[The Los Angeles Rams beat the New Orleans Saints, 26-20, in the AF.C. championship game earlier Sunday, and will face the winner of this game in the Super Bowl. See how they did it here.]
A mostly quiet first half ended with the Chiefs going out meekly, as Patrick Mahomes momentarily lost the ball on a strip-sack fumble before he recovered it and simply knelt on the ball to send his team to the locker room, down by 14-0.
While the score is still relatively close, New England has dictated the tone of the game. The Patriots have exploited the Chiefs’ front-seven with a series of short passes and runs — not allowing Kansas City’s top pass-rushers any time to get to Tom Brady — and New England’s defense has mostly contained the Chiefs’ offense.
That has resulted in a huge disparity in playing time, with New England’s offense holding the ball for 21:07 compared to 8:53 for the Chiefs.
There was a brief glimpse of what Mahomes is capable of on two completions in the second quarter in which he was able to deal with the New England pass-rush and find his receivers deep downfield, but that drive produced nothing after a sack pushed Kansas City out of field goal range.
Beyond those two throws, Mahomes’s passes have been off the mark, and Damien Williams has gotten nowhere with the running game. The Chiefs were outgained, 245 to 32, in total yardage.
This year’s Chiefs scored the third-most points in N.F.L. history, so it is hard to declare them out of any game they play regardless of the score. But Kansas City Coach Andy Reid will need to heavily adjust his strategy on both sides of the ball if he wants to get back into the game.
In the one small bit of good news for the Chiefs, they will receive the ball to start the second half.
Second Quarter: Patriots Push Their Lead
The second quarter had nearly ground to a halt thanks to a series of punts, but New England woke up in the final minute of the first half, with Tom Brady finding Phillip Dorsett for a 29-yard touchdown reception that, along with the extra point, has New England up, 14-0.
The Patriots’ latest long drive went 90 yards on eight plays and has left Kansas City with just enough time to run one or two plays — or kneel on the ball — to end the half.
Second Quarter: Brady Intercepted in the End Zone
The Chiefs’ defense, after failing a series of tests to start the game, came up huge on 3rd-and-goal, with Reggie Ragland intercepting Tom Brady’s pass attempt to Rob Gronkowski, thus stealing some momentum back for Kansas City.
Up until that point, the Patriots had seemingly been doing anything they wanted, using runs and short passes to expose a front-seven that is good at rushing the passer but far worse at putting up with the quick hits that the Patriots can accomplish with their small wide receivers and their talented group of running backs.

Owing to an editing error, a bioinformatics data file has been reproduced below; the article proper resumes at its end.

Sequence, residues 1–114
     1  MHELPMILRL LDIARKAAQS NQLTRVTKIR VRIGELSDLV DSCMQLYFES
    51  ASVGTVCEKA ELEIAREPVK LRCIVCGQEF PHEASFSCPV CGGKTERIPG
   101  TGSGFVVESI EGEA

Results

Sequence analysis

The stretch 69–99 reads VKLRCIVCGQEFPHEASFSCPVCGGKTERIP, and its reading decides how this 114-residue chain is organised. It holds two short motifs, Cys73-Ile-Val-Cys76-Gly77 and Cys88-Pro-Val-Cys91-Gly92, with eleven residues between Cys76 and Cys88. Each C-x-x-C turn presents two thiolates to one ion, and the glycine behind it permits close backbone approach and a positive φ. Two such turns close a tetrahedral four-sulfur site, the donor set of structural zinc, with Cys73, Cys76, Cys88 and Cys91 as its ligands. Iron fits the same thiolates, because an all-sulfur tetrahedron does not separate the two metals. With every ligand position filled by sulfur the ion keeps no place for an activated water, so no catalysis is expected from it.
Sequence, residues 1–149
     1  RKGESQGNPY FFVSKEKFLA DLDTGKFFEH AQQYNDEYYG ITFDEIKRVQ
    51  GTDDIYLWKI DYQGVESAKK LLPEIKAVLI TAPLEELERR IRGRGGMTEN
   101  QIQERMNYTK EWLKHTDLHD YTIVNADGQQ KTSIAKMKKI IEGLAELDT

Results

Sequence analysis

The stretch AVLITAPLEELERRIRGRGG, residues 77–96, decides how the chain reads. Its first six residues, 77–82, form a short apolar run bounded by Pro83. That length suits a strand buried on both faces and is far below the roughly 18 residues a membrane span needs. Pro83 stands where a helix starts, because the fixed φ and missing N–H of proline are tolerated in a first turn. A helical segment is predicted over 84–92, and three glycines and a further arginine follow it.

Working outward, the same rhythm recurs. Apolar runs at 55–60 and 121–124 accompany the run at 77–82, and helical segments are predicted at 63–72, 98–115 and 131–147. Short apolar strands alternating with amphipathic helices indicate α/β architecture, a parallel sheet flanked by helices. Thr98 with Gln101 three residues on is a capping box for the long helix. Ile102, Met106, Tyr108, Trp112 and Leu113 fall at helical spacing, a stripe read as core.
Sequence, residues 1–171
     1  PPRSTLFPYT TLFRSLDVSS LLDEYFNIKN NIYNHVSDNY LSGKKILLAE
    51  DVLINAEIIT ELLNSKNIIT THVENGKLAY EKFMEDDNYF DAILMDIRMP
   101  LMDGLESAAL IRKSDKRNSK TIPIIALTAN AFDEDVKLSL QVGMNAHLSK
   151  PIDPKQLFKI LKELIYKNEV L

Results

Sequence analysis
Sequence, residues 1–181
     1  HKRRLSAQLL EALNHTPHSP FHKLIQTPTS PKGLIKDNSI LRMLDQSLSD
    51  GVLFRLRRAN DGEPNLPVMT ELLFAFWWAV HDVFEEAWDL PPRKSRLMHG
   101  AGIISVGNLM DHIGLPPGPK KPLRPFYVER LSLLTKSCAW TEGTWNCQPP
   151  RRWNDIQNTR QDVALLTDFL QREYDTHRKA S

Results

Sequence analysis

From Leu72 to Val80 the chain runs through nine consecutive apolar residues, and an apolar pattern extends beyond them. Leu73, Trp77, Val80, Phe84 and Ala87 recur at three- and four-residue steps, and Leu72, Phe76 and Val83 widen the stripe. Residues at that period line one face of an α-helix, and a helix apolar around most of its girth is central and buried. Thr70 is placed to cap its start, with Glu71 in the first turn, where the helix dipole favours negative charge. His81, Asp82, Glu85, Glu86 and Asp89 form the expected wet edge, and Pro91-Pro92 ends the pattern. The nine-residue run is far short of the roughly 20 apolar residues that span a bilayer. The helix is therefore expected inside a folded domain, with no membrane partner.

In all, the drive went 43 yards on 11 plays, but the Chiefs were able to escape, still trailing by 7-0.
New England had gotten the ball back quickly thanks to a fairly inept first drive by the Chiefs’ offense in which Kansas City generated minus-6 yards as a result of a sack of Patrick Mahomes that came after he had his first two pass attempts of the game fall incomplete. The only positive movement of the drive for the Chiefs came thanks to a 5-yard run by Damien Williams — which he followed with a 2-yard loss — and a 5-yard penalty by the Patriots’ defense.
Now Mahomes will get a second chance to show what he can do.
First Quarter: Chiefs’ Defense Challenged Already
It was clear coming in that this game would be a tough test for the Chiefs’ defense, and the unit looked almost helpless on an opening drive by the Patriots in which New England marched 80 yards on 15 plays, punching the ball into the end zone on a 1-yard run by Sony Michel.
The seemingly endless drive chewed up 8 minutes 5 seconds of the first quarter and has Kansas City on its heels.
The Patriots got off to a quick start on an 11-yard run by Michel, and proceeded down the field through a combination of short passes — Rob Gronkowski had two catches on the drive after having just one all game last week — and runs by their three-headed monster at running back (Michel, James White and Rex Burkhead).
In all, Brady threw for 38 yards and the running game contributed 42.
Brady Has Been Here Before
It’s a clash of old and new, with the establishment (New England) facing off against the up-and-comers (Kansas City). The last time they played, back in Week 6, the Patriots came away with the win, but not before Patrick Mahomes and the Chiefs made them sweat in the second half.
Here is what to know now:
Mahomes is in his first year as a starting quarterback and is playing in just his second playoff game. Tom Brady, on the other hand, has been a starter for 18 years and is playing in his 39th playoff game. When Brady beat the St. Louis Rams in Super Bowl XXXVI, Mahomes was only 6 years old.
Both teams have effective running games but not necessarily from the players they expected coming into the year. Kansas City has been powered by the surprise emergence of Damien Williams. New England continues to employ a variety of options at running back, but the group is led by the rookie Sony Michel who has picked up right where he left off in a celebrated career at Georgia.
Despite the cold conditions of Kansas City’s Arrowhead Stadium, there could be a great deal of passing in this game. Not only do both teams feature terrific passing offenses, but they both struggled on the defensive end as well. The Patriots were ranked 22nd in passing yards allowed per game, and the Chiefs were 31st.